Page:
Background. Solitary plasmacytoma of bone (SPB) is an isolated plasmacytoma of bone origin, most commonly seen in the elderly, with a poor prognosis. So far, there is no precise nomogram to predict the overall survival (OS) of elderly patients with SPB. Our goal is to construct and validate a nomogram for elderly patients with SPB. Methods. This study collected all elderly patients with SPB in the Surveillance, Epidemiology and End Results (SEER) database from 2000 to 2018, and the variables included were age, sex, race, marital status, primary site, grade, stage, surgery, chemotherapy, and radiotherapy. Independent prognostic factors were identified using univariate and multivariate Cox analysis. The nomogram was constructed to predict 1-, 2-, and 3-year OS of elderly patients with SPB. The receiver-operating characteristic (ROC) and the calibration curves were used to differentiate and calibrate the nomogram. The clinical validity of the nomogram was evaluated by decision curve analysis (DCA). The total OS scores of all elderly SPB patients were calculated and divided into two risk subgroups for comparison. Results. A total of 1837 patients diagnosed with SPB were screened from the SEER database, with a final inclusion of 1180 patients ( years). Age, radiotherapy, and marital status were significantly correlated with OS. These characteristics were further incorporated into the creation of the nomogram for predicting 1-, 2-, and 3-year OS of elderly patients with SPB. For this predictive model, the area under the ROC curves, calibration curves, and DCA have good performance in terms of differentiation, consistency, and validity, respectively. In addition, patients in the high-risk group (≥96) had a worse prognosis than those in the low-risk group (<96). Conclusion. We constructed a nomogram and a risk classification system that could provide an intuitive and effective tool for clinicians to better predict the OS of elderly SPB patients.

1. Introduction

Plasmacytoma is a primary and systemic malignancy originating from the bone marrow and characterized by clonal proliferation of plasma cells. Plasmacytomas include extramedullary plasmacytoma (EMP), solitary plasmacytoma of bone (SBP), and multiple myeloma (MM) [1]. SBP is a rare disease with a high recurrence rate, a cumulative incidence of 0.15/100,000, and a poor prognosis for patients with SPB over 60 years of age [2, 3]. The diagnosis of SPB is currently based mainly on histological examination and confirmed by tissue biopsy and radiology [4, 5]. Patients with SPB may exhibit neurological impairment or severe pain because of spinal instability or pathological fractures [6, 7]. In addition, these performances are usually used as primary symptoms along with a poor prognosis in the elderly population. For both surgeons and physicians, it is necessary to pay attention to these patients in our clinical work. Radiotherapy is the standard of care for SPB, even in patients who have undergone complete tumor resection. Although radiotherapy has excellent local control rates, SPB has a high recurrence rate, with approximately 2/3 of patients in advanced stages progressing to additional solitary or multiple plasmacytomas [8].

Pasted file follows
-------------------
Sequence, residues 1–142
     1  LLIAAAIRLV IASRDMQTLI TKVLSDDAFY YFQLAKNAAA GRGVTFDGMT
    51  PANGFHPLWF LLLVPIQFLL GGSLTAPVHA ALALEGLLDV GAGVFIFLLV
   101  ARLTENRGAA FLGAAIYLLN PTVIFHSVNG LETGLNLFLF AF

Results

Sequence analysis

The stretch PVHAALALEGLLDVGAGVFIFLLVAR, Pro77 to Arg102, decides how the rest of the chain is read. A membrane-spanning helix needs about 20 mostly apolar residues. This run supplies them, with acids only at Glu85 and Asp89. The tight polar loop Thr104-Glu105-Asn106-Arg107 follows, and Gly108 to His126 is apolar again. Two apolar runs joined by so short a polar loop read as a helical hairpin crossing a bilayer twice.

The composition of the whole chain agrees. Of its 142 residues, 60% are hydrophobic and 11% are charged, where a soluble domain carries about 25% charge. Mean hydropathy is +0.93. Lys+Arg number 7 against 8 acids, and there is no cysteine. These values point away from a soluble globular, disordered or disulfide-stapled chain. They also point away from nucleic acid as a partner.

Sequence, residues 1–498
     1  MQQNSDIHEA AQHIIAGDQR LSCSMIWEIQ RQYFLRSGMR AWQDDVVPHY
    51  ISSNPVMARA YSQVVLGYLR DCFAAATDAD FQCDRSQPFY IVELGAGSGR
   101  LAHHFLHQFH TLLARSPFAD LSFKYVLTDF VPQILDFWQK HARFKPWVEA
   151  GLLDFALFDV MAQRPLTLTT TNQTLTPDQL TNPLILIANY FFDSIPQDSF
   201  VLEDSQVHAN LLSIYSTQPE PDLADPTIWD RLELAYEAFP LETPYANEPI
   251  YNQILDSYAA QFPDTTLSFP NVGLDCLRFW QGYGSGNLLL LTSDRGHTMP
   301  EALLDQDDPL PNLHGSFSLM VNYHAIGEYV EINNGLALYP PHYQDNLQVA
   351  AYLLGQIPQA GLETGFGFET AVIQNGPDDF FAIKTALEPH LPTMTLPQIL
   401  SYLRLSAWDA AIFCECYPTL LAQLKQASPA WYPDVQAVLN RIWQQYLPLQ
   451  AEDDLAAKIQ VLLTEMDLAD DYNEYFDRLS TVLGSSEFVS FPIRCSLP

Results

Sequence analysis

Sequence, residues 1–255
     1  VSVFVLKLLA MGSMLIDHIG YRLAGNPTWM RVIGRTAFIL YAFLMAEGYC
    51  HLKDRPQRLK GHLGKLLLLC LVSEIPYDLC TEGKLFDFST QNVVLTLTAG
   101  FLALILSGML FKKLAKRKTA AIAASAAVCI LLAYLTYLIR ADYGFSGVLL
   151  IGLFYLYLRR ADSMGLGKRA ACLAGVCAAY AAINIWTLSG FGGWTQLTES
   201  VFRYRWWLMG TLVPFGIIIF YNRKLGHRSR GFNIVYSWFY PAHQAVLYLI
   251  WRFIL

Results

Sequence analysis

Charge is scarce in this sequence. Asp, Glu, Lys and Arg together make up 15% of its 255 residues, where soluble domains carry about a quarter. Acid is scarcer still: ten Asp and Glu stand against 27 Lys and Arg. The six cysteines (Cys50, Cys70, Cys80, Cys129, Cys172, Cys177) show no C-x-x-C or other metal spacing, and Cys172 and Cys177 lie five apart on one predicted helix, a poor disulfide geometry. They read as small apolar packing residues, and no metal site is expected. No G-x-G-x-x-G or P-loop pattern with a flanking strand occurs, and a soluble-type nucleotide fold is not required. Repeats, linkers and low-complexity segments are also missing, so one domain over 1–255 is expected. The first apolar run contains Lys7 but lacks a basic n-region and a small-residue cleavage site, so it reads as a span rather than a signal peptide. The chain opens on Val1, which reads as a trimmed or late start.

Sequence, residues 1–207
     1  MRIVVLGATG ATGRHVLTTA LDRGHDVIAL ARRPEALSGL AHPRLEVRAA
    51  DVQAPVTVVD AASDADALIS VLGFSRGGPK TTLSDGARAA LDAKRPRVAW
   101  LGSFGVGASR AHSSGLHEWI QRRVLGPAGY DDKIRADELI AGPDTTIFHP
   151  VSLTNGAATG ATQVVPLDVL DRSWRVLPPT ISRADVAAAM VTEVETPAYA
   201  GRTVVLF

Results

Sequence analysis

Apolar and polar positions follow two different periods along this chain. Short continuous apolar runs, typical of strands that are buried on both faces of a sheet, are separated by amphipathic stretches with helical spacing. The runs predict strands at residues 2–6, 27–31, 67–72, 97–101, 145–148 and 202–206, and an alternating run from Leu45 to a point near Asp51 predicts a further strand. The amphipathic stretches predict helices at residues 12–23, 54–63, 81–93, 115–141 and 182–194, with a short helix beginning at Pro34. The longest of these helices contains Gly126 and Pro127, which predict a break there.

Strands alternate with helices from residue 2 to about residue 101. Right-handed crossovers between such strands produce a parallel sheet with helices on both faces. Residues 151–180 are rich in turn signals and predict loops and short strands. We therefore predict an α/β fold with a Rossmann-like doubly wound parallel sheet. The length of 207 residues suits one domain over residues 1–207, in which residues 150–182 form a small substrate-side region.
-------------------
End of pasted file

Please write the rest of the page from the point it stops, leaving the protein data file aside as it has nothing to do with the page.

Several studies [8, 9] have investigated the potential risk factors for SPB. However, they have only analyzed relevant prognostic factors, and the data included were not comprehensive, such as the lack of data on radiotherapy or chemotherapy, which did not accurately predict the prognosis of patients with SPB. Furthermore, these studies have not limited the research population to the vulnerable elderly population and have not provided a good visualization model. For example, nomograms have been widely used in clinical predictions, which can not only help patients to assess their risks of disease but also guide doctors to make proper medical decisions [10]. So, we analyzed the SEER database, which collects data from cancer registries in 18 different regions, accounting for about 28% of the United States population [11]. The objective of this study was not only to identify independent factors affecting survival outcomes in elderly patients with SPB but also to provide a nomogram to accurately predict the probability of survival in elderly patients, which may be of interest.

2. Materials and Methods

2.1. Study Population and Data Collection

We screened all cases of SPB from the SEER database using the International Classification of Diseases for Oncology (ICD-O-3) code 9731/3. Cases with peripheral blood, bone marrow, or other extramedullary organ involvement and those with incomplete information were excluded from this study. The flow chart for data selection is detailed in Figure 1. The following relevant data were extracted: age (≥60 years old), sex (female or male), race (black, white, others), marital status (no, yes), primary site (trunk, extremities, facial/skull bone), grade (pre-B; grade I, good differentiation; grade II, moderate differentiation; grade III, poor differentiation; grade IV, no differentiation), stage (localized, distant), surgery (no, yes), chemotherapy (no, yes), and radiotherapy (no, yes). Due to the retrospective nature of the study and the absence of personally identifiable information, we did not require review board approval or informed consent from patients.